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Comment Re:Bullshit (Score 1) 201

No batteries needed if it connects via the Lightning (or micro-USB for generic phones - let's be honest, if Apple goes there others will to) port. DAC and headphone amp will probably add about 25c to the cost of the device.

The only serious issue really is that nobody has these headphones. I don't mind us moving to digital audio transmission, but I'd like all the manufacturers to agree upon a common standard first. Apple unilaterally deciding to go Lightning is about the worst possible outcome.

Comment Re:Lack of network connectivity is a deal breaker (Score 1) 106

Since the CHIP has built in Wi-Fi, it just seems more useful for an embedded IoT type application. You could add Wi-Fi pretty easily to the old Raspberry Pi's with a USB Wi-Fi adapter, but even that is more difficult on the Zero because it doesn't have full size USB ports anymore.

do you have some sort of physical disability that prevents you from plugging in a USB cable?

Do you have some kind of developmental disability that causes you to miss points? The problem is that the USB port now requires a special cable which not all of us have lying around in quantity.

Micro USB is hardly a "special cable" by any stretch.
It's the same cable and connector all of the raspberry pi models use for power

Well, no, bullshit. We're not talking about a USB A male to microusb. We're talking about a microusb to USB A female because what we're talking about right now is connecting a WiFi dongle to your Pi. By omitting the context by not quoting enough comments back, you made it look like you had a point, but you don't. The argument was not that it would be expensive or difficult, simply that it would be more difficult. Most people don't have a micro-USB-OTG cable lying around, and so they will have to make an additional purchase if they want to use the USB output on the device. To me that is not a dealbreaker, I will simply cut some microusb cable I have around, solder it on to the USB connector pads on the PCB of my WiFi dongle and call it a day. In fact, for my purposes, that's ideal, and I'd probably do it anyway just to save the weight. To pretend that it is not additional effort, however, is bullshit.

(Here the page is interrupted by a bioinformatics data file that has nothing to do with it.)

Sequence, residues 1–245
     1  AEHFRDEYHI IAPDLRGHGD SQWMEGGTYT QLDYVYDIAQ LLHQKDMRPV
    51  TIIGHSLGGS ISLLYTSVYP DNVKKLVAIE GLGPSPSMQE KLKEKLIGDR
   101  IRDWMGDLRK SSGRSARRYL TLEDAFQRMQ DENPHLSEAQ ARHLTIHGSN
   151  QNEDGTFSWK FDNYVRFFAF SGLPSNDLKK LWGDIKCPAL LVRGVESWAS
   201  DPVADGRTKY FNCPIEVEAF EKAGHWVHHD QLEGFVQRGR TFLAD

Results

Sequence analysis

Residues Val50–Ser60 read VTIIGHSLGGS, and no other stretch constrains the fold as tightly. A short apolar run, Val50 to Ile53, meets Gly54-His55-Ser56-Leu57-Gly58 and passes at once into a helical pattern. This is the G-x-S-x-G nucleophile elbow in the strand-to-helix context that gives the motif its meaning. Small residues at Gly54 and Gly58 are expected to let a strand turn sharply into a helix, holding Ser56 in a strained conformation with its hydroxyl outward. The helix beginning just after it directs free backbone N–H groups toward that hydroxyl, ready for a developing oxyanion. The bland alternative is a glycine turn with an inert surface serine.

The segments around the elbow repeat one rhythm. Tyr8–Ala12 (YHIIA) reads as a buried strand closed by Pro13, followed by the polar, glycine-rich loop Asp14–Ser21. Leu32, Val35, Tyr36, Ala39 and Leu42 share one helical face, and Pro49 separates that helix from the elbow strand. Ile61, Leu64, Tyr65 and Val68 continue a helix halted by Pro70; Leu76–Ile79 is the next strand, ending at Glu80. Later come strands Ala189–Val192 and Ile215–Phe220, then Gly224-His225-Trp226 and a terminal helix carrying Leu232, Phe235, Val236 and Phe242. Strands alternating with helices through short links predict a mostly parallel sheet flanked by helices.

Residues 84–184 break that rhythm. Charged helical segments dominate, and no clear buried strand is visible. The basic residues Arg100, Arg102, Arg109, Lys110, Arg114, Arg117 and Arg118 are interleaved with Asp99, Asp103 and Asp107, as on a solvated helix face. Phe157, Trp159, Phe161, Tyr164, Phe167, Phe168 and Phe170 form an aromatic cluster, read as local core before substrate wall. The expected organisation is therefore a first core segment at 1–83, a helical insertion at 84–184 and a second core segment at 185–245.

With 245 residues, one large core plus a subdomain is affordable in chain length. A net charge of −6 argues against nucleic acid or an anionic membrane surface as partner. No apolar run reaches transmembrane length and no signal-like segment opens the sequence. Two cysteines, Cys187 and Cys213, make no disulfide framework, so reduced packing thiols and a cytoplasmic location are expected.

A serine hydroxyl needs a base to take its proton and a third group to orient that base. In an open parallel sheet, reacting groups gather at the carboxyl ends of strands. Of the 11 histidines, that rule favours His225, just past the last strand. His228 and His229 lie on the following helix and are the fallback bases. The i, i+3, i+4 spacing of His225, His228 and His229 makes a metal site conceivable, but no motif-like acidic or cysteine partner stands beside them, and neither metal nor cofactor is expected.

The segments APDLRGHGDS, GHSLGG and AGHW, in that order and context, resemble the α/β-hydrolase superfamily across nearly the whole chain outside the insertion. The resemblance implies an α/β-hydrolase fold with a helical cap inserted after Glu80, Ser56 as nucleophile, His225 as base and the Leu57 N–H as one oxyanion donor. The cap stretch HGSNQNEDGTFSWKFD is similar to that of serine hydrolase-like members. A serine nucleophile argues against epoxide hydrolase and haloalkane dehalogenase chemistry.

It's arguably stupid to argue over anyway. I'd bet that there will be another rev coming along to fill the space in between.

Comment Re:Be sure they really are cheaper (Score 1) 261

I second using a site like pcpartspicker. It can help you avoid some petty technical mistakes, like buying an under capacity CPU cooler, or a power supply without enough of the correct connectors and voltages for your cards.